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We asked some of our wonderful volunteers who give up their time to help Jo's Cervical Cancer Trust about their experiences. Here we speak to Anne.
In what way do you volunteer for the charity and what does it entail?
I help out at medical conferences where Jo's has a stand. I talk to nurses and medical professionals in general about the work the charity does.
When did you first start volunteering for the charity?
My daughter was diagnosed with cervical cancer in 2008 and the first thing she did was make contact with Jo's to get information and receive support. Because her office was only around the corner she sometimes also visited the office to help. Her involvement with the charity has continued over the years, and two years ago she became aware that they were short of volunteers to help at some nursing and medical conferences. My daughter then rang me to ask if I could help. I had just retired from nursing and had time to spare so was more than happy, especially as I am confident talking to medical professionals.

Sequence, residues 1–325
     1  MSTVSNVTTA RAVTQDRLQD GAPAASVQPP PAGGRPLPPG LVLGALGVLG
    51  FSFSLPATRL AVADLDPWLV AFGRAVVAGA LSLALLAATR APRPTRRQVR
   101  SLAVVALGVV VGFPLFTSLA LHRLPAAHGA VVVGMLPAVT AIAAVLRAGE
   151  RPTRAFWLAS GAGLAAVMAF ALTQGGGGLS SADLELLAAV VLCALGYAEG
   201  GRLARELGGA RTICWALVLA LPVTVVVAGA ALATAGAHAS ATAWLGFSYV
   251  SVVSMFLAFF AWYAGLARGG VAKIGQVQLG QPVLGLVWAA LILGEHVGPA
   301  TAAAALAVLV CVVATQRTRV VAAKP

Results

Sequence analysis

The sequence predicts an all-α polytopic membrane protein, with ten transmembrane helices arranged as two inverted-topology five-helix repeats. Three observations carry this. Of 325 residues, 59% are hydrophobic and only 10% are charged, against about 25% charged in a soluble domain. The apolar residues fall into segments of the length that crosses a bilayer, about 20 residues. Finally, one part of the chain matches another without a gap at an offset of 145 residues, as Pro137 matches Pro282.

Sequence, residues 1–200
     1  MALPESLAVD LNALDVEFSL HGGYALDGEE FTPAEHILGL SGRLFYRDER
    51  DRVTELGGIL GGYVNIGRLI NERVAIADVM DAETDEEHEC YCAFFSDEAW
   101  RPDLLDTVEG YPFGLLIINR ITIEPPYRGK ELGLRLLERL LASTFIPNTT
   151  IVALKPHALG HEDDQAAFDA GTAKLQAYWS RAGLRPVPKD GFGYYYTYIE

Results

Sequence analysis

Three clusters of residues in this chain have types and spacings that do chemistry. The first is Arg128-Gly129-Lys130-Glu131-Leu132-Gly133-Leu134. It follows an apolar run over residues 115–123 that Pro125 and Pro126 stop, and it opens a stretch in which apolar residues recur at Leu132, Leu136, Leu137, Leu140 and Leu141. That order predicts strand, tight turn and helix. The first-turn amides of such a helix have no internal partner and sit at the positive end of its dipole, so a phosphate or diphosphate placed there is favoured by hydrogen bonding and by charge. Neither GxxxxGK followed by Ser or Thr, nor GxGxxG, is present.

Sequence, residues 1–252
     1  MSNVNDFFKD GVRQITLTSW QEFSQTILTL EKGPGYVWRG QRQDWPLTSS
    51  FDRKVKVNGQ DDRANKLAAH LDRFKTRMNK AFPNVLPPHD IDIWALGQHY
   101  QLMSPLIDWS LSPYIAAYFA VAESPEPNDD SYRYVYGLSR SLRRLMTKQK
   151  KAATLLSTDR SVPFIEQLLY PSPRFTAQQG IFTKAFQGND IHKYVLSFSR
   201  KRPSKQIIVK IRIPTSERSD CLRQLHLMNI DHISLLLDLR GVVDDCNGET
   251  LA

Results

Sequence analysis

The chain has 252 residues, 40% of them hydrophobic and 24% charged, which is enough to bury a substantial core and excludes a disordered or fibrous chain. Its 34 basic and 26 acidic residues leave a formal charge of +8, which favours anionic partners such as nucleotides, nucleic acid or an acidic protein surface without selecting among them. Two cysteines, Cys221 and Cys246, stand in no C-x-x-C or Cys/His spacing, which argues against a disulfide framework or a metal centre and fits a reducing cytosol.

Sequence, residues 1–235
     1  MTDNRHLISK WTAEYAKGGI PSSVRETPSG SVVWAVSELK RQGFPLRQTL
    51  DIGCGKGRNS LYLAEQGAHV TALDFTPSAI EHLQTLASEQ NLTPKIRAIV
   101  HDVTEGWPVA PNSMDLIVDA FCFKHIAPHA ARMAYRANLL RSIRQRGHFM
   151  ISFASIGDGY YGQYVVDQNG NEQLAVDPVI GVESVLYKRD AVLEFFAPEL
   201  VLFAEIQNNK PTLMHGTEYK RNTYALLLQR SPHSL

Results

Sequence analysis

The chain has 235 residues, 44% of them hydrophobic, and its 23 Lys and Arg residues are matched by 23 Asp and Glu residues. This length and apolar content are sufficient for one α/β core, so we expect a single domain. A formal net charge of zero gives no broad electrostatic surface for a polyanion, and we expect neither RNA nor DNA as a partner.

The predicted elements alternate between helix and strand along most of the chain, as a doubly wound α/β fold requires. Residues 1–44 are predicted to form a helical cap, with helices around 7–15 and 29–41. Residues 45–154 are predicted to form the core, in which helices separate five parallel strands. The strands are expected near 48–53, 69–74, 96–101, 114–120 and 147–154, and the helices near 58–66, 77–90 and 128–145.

Has there been a particularly striking moment/experience during your work as a volunteer? If so what was it?
It always surprises me how even amongst medical professionals there is such a lack of knowledge regarding cervical cancer, HPV and the exact specifics. I have to say before my daughter's diagnosis I didn’t know a lot about the disease and its exact causes either as my speciality area was spinal cord injury, but I am now passionate to raise awareness and prevent other young women and their families from avoidable suffering.
What would you tell someone who is not sure yet if they should volunteer for Jo’s Cervical Cancer Trust?
In whatever way you want to volunteer, just do it. Jo's is doing such an amazing job in supporting women who are affected by cervical cancer and cervical abnormalities and it's so worth while getting the word out there.
Call our free helpline now on 0808 802 8000.
Have a chat with our trained helpliners to get your questions answered. Get information on HPV, cervical screening, the HPV vaccine, cell changes (abnormal cells) or cervical cancer. No question is too big or too small.